It was done. At last, it was completed. It wasn’t all that long ago that our daughter, our youngest, finished college and started a life on her own, apart from us. We were there to watch her graduate. We saw it done. She walked across the stage, shook various hands, tried to get her service dog in training to shake at least one hand (but the dog wasn’t interested), got the big white envelope, and smiled for the camera. And with that, it was done. Of course, it was done. Of course. We planned for this day. We were waiting for that day. And then it was here. And then it was gone. Just like that. Gone. Hard to believe, frankly. Hard. Like a stone. A stone in the gut, weighing you down. Sadness in a way, that it’s over. Gone. In a blink of an eye. A stone skipping across a quiet pond, making ripples that disappear, even as the stone sinks out of sight. Gone.
What am I saying? It was a good day. A bright sunshiny day. We were proud to watch her walk across those stones set into the ground forming the platform on which they all stood, they all passed. Built up into something new, something more. The horizon was clear; the future was bright. She stood on those stones and launched herself into a new tomorrow. I couldn’t have been prouder.
It wasn’t easy— getting that far, crossing that threshold. It wasn’t easy for her or for us, just as it wasn’t easy for her brother the previous year. There were rocks in the road, stones on the path; there were trips that made us fall, stumbles that bruised us. But we kept walking. They kept walking forward, over the stones and into ... what? More stones?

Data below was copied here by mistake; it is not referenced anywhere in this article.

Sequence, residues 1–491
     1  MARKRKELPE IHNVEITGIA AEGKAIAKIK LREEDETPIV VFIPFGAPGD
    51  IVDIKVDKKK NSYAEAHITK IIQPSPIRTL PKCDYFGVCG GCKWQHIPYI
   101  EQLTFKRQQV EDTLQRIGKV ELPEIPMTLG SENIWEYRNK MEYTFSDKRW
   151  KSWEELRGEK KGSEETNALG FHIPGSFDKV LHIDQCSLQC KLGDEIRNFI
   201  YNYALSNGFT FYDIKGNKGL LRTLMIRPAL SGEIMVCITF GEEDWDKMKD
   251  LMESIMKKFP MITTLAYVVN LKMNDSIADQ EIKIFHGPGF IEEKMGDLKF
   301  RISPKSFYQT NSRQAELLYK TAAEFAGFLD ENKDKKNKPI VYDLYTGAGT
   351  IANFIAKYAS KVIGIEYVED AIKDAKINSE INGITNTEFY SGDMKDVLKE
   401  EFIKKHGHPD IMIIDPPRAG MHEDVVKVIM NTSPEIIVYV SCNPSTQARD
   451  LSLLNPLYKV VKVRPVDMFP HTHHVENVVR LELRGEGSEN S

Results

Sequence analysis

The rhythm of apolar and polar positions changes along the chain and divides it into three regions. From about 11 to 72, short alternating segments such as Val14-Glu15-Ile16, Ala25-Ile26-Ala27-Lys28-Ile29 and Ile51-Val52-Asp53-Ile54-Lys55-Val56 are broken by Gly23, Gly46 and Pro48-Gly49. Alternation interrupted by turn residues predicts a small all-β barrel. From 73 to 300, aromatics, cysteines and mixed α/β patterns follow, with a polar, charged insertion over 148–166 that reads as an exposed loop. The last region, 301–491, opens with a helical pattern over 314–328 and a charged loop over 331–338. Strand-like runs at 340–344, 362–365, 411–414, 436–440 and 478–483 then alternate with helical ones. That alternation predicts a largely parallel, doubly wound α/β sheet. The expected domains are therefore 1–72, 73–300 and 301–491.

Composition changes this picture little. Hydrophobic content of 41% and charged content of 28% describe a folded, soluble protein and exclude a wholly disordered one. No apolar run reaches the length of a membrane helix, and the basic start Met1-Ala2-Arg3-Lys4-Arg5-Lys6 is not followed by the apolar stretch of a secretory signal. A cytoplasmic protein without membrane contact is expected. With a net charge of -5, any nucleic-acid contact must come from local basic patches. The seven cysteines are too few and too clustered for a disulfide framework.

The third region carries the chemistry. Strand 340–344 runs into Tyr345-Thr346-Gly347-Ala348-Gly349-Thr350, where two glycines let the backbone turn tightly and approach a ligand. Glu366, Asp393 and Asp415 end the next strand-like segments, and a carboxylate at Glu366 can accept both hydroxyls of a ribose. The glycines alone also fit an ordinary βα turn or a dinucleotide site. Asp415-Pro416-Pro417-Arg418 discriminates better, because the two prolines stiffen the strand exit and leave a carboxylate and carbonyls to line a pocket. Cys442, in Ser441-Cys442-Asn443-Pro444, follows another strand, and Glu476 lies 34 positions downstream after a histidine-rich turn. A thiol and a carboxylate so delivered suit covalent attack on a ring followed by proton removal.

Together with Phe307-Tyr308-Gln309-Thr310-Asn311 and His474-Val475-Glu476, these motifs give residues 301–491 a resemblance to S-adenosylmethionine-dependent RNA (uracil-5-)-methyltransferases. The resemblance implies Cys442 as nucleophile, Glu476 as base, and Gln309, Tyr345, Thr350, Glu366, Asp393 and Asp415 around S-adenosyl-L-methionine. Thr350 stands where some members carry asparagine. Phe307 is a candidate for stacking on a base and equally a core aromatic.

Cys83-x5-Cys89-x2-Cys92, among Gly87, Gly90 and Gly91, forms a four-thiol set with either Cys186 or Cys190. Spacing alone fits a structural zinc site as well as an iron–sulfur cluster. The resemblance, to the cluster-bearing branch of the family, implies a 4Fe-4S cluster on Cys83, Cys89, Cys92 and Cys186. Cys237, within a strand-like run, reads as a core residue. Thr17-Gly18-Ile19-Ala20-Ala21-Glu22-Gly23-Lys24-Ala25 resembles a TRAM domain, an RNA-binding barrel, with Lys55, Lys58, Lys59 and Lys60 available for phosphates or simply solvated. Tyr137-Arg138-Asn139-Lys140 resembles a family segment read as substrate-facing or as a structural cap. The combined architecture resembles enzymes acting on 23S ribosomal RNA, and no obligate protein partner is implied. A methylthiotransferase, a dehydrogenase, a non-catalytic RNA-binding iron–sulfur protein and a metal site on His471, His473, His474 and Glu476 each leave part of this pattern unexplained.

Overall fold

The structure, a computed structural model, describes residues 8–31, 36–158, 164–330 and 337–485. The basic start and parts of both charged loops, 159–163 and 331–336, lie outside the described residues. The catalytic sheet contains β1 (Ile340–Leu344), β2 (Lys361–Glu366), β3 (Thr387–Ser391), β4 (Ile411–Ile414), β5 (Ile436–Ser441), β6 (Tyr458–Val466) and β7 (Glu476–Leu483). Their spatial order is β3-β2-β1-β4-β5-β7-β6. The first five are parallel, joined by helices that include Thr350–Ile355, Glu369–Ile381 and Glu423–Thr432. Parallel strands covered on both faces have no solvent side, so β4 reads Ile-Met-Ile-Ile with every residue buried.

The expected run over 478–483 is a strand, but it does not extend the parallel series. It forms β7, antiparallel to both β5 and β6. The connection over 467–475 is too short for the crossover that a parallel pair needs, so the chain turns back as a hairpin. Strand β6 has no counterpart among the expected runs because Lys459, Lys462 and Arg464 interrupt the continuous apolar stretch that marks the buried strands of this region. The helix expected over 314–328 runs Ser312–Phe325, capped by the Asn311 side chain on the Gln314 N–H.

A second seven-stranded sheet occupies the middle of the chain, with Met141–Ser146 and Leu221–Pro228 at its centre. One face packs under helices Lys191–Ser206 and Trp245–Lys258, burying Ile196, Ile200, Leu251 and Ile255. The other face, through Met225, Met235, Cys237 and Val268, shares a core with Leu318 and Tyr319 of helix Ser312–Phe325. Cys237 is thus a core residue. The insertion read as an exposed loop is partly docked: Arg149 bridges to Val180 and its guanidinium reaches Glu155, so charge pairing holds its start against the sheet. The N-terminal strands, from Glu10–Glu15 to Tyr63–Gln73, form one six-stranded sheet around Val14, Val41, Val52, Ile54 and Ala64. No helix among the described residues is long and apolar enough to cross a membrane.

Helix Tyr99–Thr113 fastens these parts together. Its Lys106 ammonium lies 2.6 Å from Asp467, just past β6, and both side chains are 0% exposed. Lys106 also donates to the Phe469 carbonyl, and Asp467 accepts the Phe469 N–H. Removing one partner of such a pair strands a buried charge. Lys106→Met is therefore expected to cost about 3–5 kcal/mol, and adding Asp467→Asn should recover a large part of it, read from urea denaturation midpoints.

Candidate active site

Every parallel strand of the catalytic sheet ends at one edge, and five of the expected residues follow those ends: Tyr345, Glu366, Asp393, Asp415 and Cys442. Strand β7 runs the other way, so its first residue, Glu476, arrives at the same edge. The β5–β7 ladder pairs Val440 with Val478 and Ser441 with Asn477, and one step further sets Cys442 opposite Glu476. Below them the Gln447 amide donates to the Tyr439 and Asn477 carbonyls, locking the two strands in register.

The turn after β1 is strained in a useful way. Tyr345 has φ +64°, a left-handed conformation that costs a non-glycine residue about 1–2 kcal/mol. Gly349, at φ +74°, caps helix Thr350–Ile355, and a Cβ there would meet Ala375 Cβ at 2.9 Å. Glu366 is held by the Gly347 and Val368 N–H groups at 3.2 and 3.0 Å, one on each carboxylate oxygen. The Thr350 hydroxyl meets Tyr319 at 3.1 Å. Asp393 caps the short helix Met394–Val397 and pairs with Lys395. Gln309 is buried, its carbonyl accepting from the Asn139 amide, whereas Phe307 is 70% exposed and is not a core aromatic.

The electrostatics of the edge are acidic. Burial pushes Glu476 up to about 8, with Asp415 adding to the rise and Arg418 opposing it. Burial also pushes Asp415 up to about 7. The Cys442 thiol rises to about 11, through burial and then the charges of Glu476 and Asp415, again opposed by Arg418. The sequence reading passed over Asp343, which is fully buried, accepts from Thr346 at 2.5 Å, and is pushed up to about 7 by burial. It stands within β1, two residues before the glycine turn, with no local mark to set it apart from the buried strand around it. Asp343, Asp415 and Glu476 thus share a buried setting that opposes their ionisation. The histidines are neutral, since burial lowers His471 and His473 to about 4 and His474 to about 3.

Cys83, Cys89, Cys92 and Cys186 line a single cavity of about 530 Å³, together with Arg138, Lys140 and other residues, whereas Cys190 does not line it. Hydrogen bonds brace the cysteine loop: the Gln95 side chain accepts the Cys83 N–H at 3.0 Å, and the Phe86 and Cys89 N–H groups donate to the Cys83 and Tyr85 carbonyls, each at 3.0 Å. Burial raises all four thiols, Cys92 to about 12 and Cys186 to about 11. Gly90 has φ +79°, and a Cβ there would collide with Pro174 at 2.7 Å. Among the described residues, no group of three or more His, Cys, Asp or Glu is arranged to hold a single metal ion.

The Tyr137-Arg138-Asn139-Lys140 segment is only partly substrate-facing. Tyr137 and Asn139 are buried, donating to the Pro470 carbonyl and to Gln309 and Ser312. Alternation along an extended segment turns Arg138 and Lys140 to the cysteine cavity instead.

Come to him, a living stone, though rejected by mortals yet chosen and precious in God's sight, and like living stones, let yourselves be built into a spiritual house, to be a holy priesthood, to offer spiritual sacrifices acceptable to God through Jesus Chris. (I Peter 2:4-5 NRSV).
As a nod to Mother’s Day next week, I guess, Peter starts with milk, with feeding, with infancy and nurture, with tasting and seeing. What mother doesn’t remember those struggles and those joys? Be sure to say “Happy Mother’s Day” to all those who help us drink the spiritual milk, who help us grow in faith. We are grateful. We are better for it, for you. But that’s next week.
And it’s the stones that dominate the thinking in these verses. Come to the stone, and be a stone, and live inside those stones. Peter gets a little carried away, it seems. Stones on the brain, I guess. Rocks. Rocky, that’s what they called him. Jesus changed his name from Simon to Peter (Petros - Rock). Maybe he’s trying to return the favor. Come to the living stone. Come and let him build you into the house he’s trying to build. Be a stone, like him. A living stone. Part of the foundation. Part of the structure. Be a stone, a temple made of stone. Be a stone sanctuary; let worship take place in you. Make worship take place in you. We’re both the structure and the activity that takes place inside that structure. We’re the building and the worship that inhabits that building. It makes your head spin a little bit. Which is it? What is it? What are we; who is he; and what in the world is a living stone? If living water is water that moves, water that bubbles and rushes and flows, what is a living stone?